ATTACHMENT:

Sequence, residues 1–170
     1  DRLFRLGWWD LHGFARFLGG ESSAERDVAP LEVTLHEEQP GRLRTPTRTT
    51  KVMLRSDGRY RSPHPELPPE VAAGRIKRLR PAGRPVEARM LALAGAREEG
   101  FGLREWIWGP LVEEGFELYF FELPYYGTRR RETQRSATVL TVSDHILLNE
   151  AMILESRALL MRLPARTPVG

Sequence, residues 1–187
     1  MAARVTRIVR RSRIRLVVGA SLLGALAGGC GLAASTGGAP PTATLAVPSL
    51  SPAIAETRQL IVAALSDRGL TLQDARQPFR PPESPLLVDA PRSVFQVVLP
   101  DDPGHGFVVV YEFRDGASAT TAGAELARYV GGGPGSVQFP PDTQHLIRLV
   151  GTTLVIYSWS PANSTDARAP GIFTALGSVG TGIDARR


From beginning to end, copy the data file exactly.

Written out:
Sequence, residues 1–170
     1  DRLFRLGWWD LHGFARFLGG ESSAERDVAP LEVTLHEEQP GRLRTPTRTT
    51  KVMLRSDGRY RSPHPELPPE VAAGRIKRLR PAGRPVEARM LALAGAREEG
   101  FGLREWIWGP LVEEGFELYF FELPYYGTRR RETQRSATVL TVSDHILLNE
   151  AMILESRALL MRLPARTPVG

Sequence, residues 1–187
     1  MAARVTRIVR RSRIRLVVGA SLLGALAGGC GLAASTGGAP PTATLAVPSL
    51  SPAIAETRQL IVAALSDRGL TLQDARQPFR PPESPLLVDA PRSVFQVVLP
   101  DDPGHGFVVV YEFRDGASAT TAGAELARYV GGGPGSVQFP PDTQHLIRLV
   151  GTTLVIYSWS PANSTDARAP GIFTALGSVG TGIDARR